In this collection of short stories, bestselling author Marge Piercy brings us glimpses into the lives of everyday women moving through and making sense of their daily internal and external worlds. Keeping to the engaging, accessible language of Piercy’s novels, the collection spans decades of her writing along with a range of locations, ages, and emotional states of her protagonists. From the first-person account of hoarding and a girl’s narrative of sexual and spiritual discovery to the recounting of a past love affair, each story is a tangible, vivid snapshot in a varied and subtly curated gallery of work. Whether grappling with death, familial relationships, friendship, sex, illness, or religion, Piercy’s writing is as passionate, lucid, insightful, and thoughtfully alive as ever.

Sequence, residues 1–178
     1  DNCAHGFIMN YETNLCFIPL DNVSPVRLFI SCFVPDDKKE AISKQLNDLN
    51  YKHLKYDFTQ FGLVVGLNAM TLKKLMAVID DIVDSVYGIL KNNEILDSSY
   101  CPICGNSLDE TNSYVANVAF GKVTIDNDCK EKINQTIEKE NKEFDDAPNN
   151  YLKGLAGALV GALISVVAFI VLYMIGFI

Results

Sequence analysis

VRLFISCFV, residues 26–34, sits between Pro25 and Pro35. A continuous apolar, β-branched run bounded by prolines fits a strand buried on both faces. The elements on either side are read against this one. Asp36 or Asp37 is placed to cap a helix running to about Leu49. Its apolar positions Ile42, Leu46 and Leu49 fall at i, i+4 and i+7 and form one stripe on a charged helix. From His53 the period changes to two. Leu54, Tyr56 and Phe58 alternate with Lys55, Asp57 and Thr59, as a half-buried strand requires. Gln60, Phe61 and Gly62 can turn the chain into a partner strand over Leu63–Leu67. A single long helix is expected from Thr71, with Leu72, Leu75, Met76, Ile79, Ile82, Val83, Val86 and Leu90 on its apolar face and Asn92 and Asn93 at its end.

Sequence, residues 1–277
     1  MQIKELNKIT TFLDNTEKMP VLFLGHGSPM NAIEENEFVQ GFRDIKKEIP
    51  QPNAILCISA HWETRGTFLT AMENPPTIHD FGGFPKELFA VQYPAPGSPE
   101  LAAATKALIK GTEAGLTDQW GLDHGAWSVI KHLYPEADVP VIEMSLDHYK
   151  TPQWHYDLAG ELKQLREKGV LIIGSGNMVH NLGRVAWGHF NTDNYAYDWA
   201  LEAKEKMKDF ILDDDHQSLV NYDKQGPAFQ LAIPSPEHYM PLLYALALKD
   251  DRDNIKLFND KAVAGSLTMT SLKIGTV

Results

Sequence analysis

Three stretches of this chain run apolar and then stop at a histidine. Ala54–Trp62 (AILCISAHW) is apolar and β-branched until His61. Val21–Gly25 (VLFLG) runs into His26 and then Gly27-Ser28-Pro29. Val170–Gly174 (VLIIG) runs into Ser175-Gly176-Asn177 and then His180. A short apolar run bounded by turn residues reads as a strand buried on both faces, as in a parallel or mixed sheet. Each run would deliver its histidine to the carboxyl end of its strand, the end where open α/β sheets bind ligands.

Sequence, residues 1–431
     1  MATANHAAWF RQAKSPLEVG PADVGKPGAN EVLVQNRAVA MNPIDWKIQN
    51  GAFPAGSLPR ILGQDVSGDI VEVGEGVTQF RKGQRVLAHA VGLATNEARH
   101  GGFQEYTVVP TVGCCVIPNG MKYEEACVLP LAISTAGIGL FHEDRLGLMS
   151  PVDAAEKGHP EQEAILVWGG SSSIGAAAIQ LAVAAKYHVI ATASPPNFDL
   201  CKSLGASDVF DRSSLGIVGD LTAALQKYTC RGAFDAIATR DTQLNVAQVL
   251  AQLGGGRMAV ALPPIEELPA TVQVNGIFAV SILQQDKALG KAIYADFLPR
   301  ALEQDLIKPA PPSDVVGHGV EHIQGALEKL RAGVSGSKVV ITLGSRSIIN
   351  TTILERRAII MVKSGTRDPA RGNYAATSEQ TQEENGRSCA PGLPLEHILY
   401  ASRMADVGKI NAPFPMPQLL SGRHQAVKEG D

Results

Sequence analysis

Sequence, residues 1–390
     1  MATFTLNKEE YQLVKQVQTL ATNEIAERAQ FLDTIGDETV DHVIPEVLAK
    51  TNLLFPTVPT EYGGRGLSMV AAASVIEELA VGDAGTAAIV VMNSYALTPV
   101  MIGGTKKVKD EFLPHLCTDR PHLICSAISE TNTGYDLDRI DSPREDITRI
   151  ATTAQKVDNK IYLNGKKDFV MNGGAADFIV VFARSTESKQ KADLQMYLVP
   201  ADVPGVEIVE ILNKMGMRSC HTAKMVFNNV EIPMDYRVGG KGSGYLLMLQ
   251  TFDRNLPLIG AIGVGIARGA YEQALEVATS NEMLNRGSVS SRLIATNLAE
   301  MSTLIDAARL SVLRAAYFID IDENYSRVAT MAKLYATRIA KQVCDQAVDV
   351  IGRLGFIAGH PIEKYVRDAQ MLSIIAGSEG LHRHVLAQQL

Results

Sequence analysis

With uncompromising emotional intensity, Piercy (Gone to Soldiers), the author of 17 novels, 17 volumes of poetry, and a memoir, captures the complex female experience in her debut short story collection. From the title story featuring an aspiring female poet who weighs the price of sex and poetry to a student's disenchantment with her high school teacher ("Somebody Who Understands You"), Piercy maps the interior lives of women across generations, paying special attention to the socio-politcal environment that affects them. Her writing maintains a skillful detachment, limning moments of isolation between characters with palpable unease: "He is gentle. If he does not touch her with passion, neither does he hurt her. That is very important, not to be hurt." Piercy, whose work is inseparable from her feminist politics, includes many characters (seven of whom are writers) who are suggestively autobiographical in their histories and musings, including a girl dying of rheumetic fever ("She's Dying, He Said"), an anti-Vietnam War activist shuttling men to the Canadian border ("The Border"). Piercy is best at unraveling what she creates-turning an answer into a question in "Do You Love Me?," and a soliloquy punctuated by silence in "Little Sister, Cat and Mouse." Powerful in scope, the collection feels driven by an idea rather than a story, demonstrating Pierce's understanding of how social constructs evolve in deeply personal ways. (July) (c) Copyright PWxyz, LLC. All rights reserved.